Double Data Rate SDRAM can theoretically improve RAM speed to at least 200 MHz. It activates output on both the rising and falling edge of the system clock rather than on just the rising edge, potentially doubling output.

Unfortunately, DDR SDRAM (Also known simply as DDR RAM) has not been designed to be idiot-proof, and if there's one thing people should have learnt by now, there are a lot of idiots out there.

Last night, I was very tired and...(enough of the excuses) OK, I put my RAM in the wrong way round, resulting in a terrifying smell of burning coming from the inside of my computer.
You see, this horribly embarrassing blunder never used to be possible with normal 168-pin single data rate DIMMs. They were designed with two "keys" meaning the RAM could only be inserted one way into the socket. Something like this:

 -----------------------------------------------------------------
| ---- ---- ---- ---- ---- ---- ---- ---- |
| | | | | | | | | : : | | | | | | | | |
| | | | | | | | | : : | | | | | | | | |
| | | | | | | | | : : | | | | | | | | |
| | | | | | | | | : : | | | | | | | | |
| |____| |____| |____| |____| : : |____| |____| |____| |____| |
|_________________________________________________________________|
############ ################### ################################

DDR RAM, on the other hand, has only one key and it's only slightly wonky, like so:

 -----------------------------------------------------------------
| ---- ---- ---- ---- ---- ---- ---- ---- |
| | | | | | | | | : : | | | | | | | | |
| | | | | | | | | : : | | | | | | | | |
| | | | | | | | | : : | | | | | | | | |
| | | | | | | | | : : | | | | | | | | |
| |____| |____| |____| |____| : : |____| |____| |____| |____| |
|_________________________________________________________________|
#################################### ############################

Frankly, this is shit -- if you'll excuse my bluntness -- because it doesn't serve its intended purpose. The key is very close to the middle of the stick, and it is quite easy (well, if you force it hard enough it is,) to insert the wrong way round. I understand the need to have a different pattern of keys to the old SDR, so it is impossible for morons to insert the wrong sort of RAM, but this way leaves the door wide open for morons to... well... it's all too painful to recall. ;(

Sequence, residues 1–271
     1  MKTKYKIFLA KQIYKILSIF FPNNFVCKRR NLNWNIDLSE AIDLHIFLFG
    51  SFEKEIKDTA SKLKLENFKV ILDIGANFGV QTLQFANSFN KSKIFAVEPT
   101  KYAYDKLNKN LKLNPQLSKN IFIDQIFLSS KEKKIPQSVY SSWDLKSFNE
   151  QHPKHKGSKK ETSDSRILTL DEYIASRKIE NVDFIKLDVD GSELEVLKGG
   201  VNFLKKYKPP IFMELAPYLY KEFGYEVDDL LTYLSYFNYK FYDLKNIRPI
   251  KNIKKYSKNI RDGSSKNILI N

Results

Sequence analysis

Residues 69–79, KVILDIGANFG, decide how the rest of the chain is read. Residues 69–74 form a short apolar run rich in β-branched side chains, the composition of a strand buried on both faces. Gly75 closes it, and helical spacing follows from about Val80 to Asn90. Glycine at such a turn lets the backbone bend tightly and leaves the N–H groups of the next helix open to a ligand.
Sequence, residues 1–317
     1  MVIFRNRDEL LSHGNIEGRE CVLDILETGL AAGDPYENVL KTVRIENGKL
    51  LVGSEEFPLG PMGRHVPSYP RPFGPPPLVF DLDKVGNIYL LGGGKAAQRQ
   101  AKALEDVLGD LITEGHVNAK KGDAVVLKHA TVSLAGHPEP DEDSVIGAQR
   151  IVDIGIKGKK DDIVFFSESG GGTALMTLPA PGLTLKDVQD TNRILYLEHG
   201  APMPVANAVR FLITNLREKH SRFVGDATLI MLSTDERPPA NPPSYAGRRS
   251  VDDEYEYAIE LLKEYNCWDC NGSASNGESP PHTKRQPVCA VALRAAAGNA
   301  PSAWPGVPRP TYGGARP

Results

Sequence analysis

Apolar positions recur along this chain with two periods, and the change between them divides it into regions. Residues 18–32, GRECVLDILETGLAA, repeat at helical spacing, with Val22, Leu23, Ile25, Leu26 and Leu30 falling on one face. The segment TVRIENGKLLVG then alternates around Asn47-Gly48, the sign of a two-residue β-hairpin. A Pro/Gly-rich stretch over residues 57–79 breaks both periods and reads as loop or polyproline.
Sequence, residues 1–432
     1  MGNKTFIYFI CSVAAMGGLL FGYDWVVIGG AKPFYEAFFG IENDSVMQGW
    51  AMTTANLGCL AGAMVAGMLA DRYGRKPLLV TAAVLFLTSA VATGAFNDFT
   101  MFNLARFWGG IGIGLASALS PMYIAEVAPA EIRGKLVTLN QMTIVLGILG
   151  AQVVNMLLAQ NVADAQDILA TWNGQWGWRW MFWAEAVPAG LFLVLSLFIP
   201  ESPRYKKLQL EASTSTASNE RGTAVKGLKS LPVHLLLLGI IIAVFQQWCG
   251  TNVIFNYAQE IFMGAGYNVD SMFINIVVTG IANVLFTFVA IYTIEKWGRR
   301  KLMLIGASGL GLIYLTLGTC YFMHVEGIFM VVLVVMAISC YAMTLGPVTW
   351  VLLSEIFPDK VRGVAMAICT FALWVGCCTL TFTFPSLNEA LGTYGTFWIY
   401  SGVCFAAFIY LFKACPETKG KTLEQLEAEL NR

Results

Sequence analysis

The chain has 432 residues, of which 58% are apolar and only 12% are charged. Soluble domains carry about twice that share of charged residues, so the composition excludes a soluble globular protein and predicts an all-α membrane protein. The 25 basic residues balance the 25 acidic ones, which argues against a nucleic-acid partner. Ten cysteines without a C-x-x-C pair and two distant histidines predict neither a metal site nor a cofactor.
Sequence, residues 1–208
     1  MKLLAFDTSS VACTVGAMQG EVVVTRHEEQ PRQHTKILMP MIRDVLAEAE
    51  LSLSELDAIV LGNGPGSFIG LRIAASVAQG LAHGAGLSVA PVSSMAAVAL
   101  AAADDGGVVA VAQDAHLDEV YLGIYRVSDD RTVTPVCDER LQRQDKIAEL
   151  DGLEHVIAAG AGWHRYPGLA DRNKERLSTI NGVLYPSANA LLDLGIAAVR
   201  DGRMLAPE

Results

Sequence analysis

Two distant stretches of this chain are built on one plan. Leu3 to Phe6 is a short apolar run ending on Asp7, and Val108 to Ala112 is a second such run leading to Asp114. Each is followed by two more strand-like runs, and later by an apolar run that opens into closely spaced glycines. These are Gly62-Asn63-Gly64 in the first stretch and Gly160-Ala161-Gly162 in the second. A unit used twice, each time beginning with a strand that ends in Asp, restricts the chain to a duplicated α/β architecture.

Update: The next day:
I inserted the burnt RAM (still smelling of burnt... whatever it is) into the burnt slot. What's more, the burnt RAM has one of the gold contacts missing. It is sitting right in front of me now on the desk. Guess what? My computer works. I'm in Linux right now, with broken RAM in a broken RAM slot. Evidently two brokens cancel to a working.
I shit you not.
DDR SDRAM - Double Data Rate Synchronous Dynamic Random Access Memory. The size of its name is fairly relative to the increase in speed of your standard SDRAM, in fact its doubled, as the name suggests also. Put simply, this RAM works by using both sides of the stick, the falling and rising edge. It works a little like this:

SDRAM:

#---------DATA-----------# Rising
#                        # Falling
#---------DATA-----------# Rising
#                        # Falling
#---------DATA-----------# Rising
#                        # Falling
#---------DATA-----------# Rising
#                        # Falling

DDR SDRAM:

#---------DATA-----------# Rising
#---------DATA-----------# Falling
#---------DATA-----------# Rising
#---------DATA-----------# Falling
#---------DATA-----------# Rising
#---------DATA-----------# Falling
#---------DATA-----------# Rising
#---------DATA-----------# Falling

So, basically, DDR SDRAM uses twice the data flow along its DIMMs (Dual Inline Memory Module) to produce twice the speed... theoretically. It works a bit like this:

100 MHz SDRAM -----> 200 MHz DDR SDRAM Required: 100 MHz FSB Motherboard
133 MHz SDRAM -----> 266 MHz DDR SDRAM Required: 133 MHz FSB Motherboard

That's not to say that 266 MHz DDR SDRAM won't work on a 100 MHz FSB Motherboard, so long as it is new enough, it just means that it will only run at 200 MHz, and not 266 MHz. Now there are two new types of DDR, but they are no longer based on SDRAM, but rather DRAM, and as such are named DDR DRAM. It is, however, a common misconception to call them DDR SDRAM, so I will still put them in this write up. The new DDR DRAM still works on precisely the same principals as DDR SDRAM, and come at these speeds:

333 MHz DDR DRAM Required: 333 MHz FSB Motherboard
433 MHz DDR DRAM Required: 533 MHz FSB Motherboard (no 433 MHz available)

In this case, these speeds of DDR are not backwards compatible with older motherboards. Even though I say here that a 333 MHz/533 MHz FSB Motherboard is required, most of these motherboards at the moment will not support this RAM, this is just a theoretical requirement. 333 MHz and 433 MHz DDR DRAM are both considerably new technologies, and as such most motherboards still only support DDR SDRAM PCI 2700 (266 MHz), so if you want this faster RAM you're going to have to do some serious spending. DDR has now won the battle against the faster RDRAM with lower latencies and, overall, better performance for price.

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